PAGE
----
Easy-to-fret triads that sound sophisticated and lush, despite what we are actually playing.
• Create three-note voicings based on larger piano chords.
• Learn how one chord can have many names.
• Construct progressions that imply IIm-V sounds.
In this month’s column, I’d like to share what I call “little” steel guitar voicings. The chords I’ll demonstrate are easy-to-fret triads that sound sophisticated and lush, despite what we are actually playing. These voicings are inspired by larger four-note grips that are difficult to finger, although they fall easily on the steel guitar and are seemingly effortless on standard guitar when played by the great Johnny Smith. On Smith’s “Moonlight in Vermont,” for example, you can hear wider grips that sound like piano chords. My personal favorite Johnny Smith recording is an album called A Perfect Match with accordion virtuoso Art Van Damme. For us mere mortals, these smaller voicings will be useful in embellishing a jazz, country, or swing tune with a minimum of difficulty and without any left-hand pyrotechnics.
The first voicings are in Fig. 1. Notice how we’re playing three chords with just two grips. This illustrates the ease and economy of these voicings. I know it’s sometimes confusing, but any chord can have multiple names depending on context.
For example, a simple D triad—one of the first chords a guitarist learns—can also be called Gmaj9 if it’s played over a G bass note. To make things even more brain-bending, our simple D triad played over an F bass can be called F13b9, but this isn't the point. The point is to accept the fact that the exact same chord voicing and fingering coming up can function as both C6 and Fadd9. We use these shapes in a little eight-measure exercise in Fig. 2.
In Fig. 3, we introduce a small finger movement involving the second and third chords. They are now F7b9 and G7b9. This is a favorite trick of mine because both chords have a diminished sound to them, so we can play some wacky diminished lines over this section. For those of you who aren’t theory Einsteins, please don’t be put off by the “numbers.” These chords are fun and sound excellent in many contexts. Give them a try in Fig. 4 and let the theory come later.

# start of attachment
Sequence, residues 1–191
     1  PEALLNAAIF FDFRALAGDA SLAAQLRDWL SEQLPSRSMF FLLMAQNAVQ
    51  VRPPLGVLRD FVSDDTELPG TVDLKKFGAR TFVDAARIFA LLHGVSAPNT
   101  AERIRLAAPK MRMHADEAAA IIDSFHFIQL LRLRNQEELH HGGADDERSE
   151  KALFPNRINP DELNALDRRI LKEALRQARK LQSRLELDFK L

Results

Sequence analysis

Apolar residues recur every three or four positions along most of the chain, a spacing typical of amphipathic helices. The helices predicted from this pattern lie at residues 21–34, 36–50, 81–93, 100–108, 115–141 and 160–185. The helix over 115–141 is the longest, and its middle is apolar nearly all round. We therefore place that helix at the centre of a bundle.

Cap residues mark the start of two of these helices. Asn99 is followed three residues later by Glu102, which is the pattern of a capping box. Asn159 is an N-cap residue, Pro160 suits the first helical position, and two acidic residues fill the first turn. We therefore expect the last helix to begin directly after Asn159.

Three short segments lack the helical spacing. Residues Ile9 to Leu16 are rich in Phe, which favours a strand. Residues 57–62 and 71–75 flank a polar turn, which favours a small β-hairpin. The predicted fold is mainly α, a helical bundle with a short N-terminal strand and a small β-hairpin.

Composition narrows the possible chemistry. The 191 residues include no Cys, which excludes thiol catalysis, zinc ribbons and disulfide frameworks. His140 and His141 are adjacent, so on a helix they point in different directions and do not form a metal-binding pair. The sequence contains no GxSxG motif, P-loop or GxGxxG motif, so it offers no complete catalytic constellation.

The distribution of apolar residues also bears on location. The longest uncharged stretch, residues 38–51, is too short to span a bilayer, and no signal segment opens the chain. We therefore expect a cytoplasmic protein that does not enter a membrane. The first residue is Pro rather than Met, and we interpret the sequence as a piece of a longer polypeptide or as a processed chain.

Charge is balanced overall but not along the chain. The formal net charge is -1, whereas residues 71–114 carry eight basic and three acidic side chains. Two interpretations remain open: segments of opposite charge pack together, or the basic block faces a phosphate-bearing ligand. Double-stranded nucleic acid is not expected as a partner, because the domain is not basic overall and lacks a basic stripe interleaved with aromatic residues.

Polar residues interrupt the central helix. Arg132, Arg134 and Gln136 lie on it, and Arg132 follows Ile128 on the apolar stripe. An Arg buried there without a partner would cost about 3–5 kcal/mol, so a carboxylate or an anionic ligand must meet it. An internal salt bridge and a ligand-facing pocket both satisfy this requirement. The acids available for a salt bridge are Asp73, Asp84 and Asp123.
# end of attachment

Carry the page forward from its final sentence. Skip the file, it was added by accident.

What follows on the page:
Okay, now let's add our pinky, since it’s mostly lounging around not doing anything, and that’s not fair! In Fig. 5, we will need to renegotiate the fingering on C6 (strings 1, 2, and 3), but the other two chords—F7b9 and G7b9—remain the same while we simply add and remove the pinky.
In Fig. 6, we throw in the kitchen sink. We will introduce a new C6 on the top, going to a C9 (that functions as a Gm to C7b9), and also some half-step movement (Eadd9 to Fadd9), and a G9 to G7b9 that functions as a IIm-V resolving to a Cadd9. The chord is a bit of a stretch because of the fret width at the 3rd position, but the payoff is we get to apply the identical fingering to the chord that follows it.
I hope you enjoy these voicings as much as I do. They seem to have a steel guitar color without any string bending whatsoever, and they have a Johnny Smith vibe. You can hear some of my personal application of these types of chords on “Ain't She Sweet” on my CD American Hips.
Billboard calls Jim Campilongo “an American treasure." He spins a musical web that ranges from gorgeous to sinister, and in 2011 the Fender Custom Shop released his signature model Telecaster. His band with Norah Jones, the Little Willies, released For the Good Times in early 2012 on Blue Note. For more info and downloadable lessons that cover blues, country, jazz, and more, visit jimcampilongo.com/lessons.
Looking for more great gear for the guitar player in your life (yourself included!)? Check out this year's Holiday Gear Finds!
D'Addario XPND Pedalboard
DR-05X Stereo Handheld Recorder
Wampler Pedals Ratsbane
Flare is a dual-function pedal with a tube-like booster and a 1970s-style ring modulator effect that can be played separately or together.
Flare’s ring modulator is based on the iconic tone of the original Dan Armstrong Green Ringer. This vintage classic was made famous by Frank Zappa who loved the unusual modulations created by generating a harmonic octave over notes. Messiah’s version offers two control knobs: a “Sparkle” tone attenuator and output Level control. Its taupe-gold body, purple and green knobs and stick-figure rock ’n’ roller holding up a flame convey an appropriately rockin’70s vibe.
In a unique twist, Messiah’s Flare pairs the ringer with a warm tube-style boost instead of a fuzz. Flare feeds the booster into the ringer for an extra punch, while preserving the Green Ringerspirit. The ringer side also turns any fuzz into an octafuzz, and it has the ability to quiet signal background noise fed through it.